FSC and JPMorgan to meet over settlement

The China Post news staff

TAIPEI, Taiwan — The Financial Supervisory Commission (FSC) has been closely watching the developments in a settlement deal just reached between JPMorgan Chase & Co. and U.S. authorities.

FSC officials said they will meet with executives of the Taiwan branch of the American financial giant as early as possible to safeguard the interest of Taiwan investors. FSC Chairman Tseng Ming-chung said he had already discussed issues relevant to the matter yesterday with officials at the Securities and Futures Bureau of the FSC, including Wu Yu-chun, chief of the bureau. Tseng said that he and Wu had already discussed measures to cope with possible financial problems. They will also contact executives of the Taiwan branch of JPMorgan Chase today for details of the deal reached by the financial group’s head office in the U.S. The FSC has, at present, gathered only preliminary information about the JPMorgan Chase deal related to global settlement claims arising from its allegedly misleading claims about the quality of housing mortgages, said Tseng. JPMorgan Chase already struck a deal with the U.S. Department of Justice to pay US$4 billion to the U.S. Federal Housing Finance Agency to cover the financial losses sustained by American housing finance agencies Fannie Mae and Freddie Mac, according to reports of leading American media like The Wall Street Journal and The New York Times as well as international news agencies. The reports indicated that the eventual total payment to be made by JPMorgan Chase could reach as high as US$13 billion, including hefty fines to be paid to regulatory authorities and compensation paid to investors and consumers. Tseng said that the FSC will get a full and clear picture of the case and then adopt necessary measures if the interests of Taiwanese investors are affected. He said the FSC and the Securities and Futures Bureau will continue monitoring new developments in the case.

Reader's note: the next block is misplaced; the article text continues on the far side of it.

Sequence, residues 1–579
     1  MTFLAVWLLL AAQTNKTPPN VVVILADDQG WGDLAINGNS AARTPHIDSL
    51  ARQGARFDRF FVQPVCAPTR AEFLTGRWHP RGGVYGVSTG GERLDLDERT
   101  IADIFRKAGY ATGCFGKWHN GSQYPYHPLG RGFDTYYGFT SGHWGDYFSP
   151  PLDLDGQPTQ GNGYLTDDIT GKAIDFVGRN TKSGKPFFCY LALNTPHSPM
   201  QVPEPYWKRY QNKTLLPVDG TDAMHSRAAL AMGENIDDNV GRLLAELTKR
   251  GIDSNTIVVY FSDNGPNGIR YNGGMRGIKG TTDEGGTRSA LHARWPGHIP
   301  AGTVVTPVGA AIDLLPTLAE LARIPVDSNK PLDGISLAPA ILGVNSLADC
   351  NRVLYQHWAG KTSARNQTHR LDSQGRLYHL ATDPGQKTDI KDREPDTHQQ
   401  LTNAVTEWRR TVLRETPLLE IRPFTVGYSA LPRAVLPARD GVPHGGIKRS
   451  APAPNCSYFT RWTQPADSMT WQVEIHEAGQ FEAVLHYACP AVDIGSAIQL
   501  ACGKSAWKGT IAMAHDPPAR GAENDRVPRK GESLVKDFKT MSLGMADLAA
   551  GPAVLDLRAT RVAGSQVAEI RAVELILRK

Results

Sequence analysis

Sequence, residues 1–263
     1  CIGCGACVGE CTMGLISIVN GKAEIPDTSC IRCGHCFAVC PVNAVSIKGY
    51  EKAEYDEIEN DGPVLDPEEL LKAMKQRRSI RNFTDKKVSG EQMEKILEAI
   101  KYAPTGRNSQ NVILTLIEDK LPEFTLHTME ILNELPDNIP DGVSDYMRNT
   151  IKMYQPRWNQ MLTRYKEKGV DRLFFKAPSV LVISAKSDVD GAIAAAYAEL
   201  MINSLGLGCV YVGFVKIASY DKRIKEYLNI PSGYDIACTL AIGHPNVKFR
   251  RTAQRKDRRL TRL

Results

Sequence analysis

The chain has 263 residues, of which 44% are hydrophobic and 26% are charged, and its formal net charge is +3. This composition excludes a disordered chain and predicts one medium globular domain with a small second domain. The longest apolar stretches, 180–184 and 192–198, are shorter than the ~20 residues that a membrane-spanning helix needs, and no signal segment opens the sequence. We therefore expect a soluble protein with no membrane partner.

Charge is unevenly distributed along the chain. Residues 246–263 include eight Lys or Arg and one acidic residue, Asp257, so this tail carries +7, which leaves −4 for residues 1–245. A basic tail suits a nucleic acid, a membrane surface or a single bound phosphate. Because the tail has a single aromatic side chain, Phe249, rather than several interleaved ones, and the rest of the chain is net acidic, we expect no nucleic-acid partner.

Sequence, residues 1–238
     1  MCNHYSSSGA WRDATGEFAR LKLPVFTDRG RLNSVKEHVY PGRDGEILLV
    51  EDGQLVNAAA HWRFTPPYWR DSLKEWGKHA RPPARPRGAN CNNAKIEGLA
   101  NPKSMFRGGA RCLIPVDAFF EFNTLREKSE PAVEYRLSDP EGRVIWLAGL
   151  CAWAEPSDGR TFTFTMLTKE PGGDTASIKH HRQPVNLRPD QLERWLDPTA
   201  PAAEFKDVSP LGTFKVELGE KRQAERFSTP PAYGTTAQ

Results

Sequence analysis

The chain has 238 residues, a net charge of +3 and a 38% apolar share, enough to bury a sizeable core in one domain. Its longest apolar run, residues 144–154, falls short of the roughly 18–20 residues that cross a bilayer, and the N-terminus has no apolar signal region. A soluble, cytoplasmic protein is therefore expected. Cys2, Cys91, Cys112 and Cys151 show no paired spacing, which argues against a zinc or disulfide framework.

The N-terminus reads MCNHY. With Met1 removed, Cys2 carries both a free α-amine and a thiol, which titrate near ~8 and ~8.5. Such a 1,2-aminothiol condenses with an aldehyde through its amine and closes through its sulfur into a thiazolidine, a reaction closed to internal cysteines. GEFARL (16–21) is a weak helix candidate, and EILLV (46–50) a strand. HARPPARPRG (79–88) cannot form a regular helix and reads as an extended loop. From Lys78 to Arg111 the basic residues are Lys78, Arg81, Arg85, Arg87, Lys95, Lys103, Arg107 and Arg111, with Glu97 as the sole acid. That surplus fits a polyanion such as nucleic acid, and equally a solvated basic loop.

JPMorgan Chase was among the multinational financial giants severely burned by the ballooning American subprime lending crisis that triggered the global financial meltdown in 2008. Some financial investors in Taiwan suffered losses from their investments in financial products tied to housing mortgages in the U.S.

Other SFC officials explained that they were unable to reach executives of JPMorgan Chase Taiwan over the weekend.

The officials plan to talk with JPMorgan executives to gain an in-depth understanding of the deal as early as possible, after bankers and financiers return to work today, they added.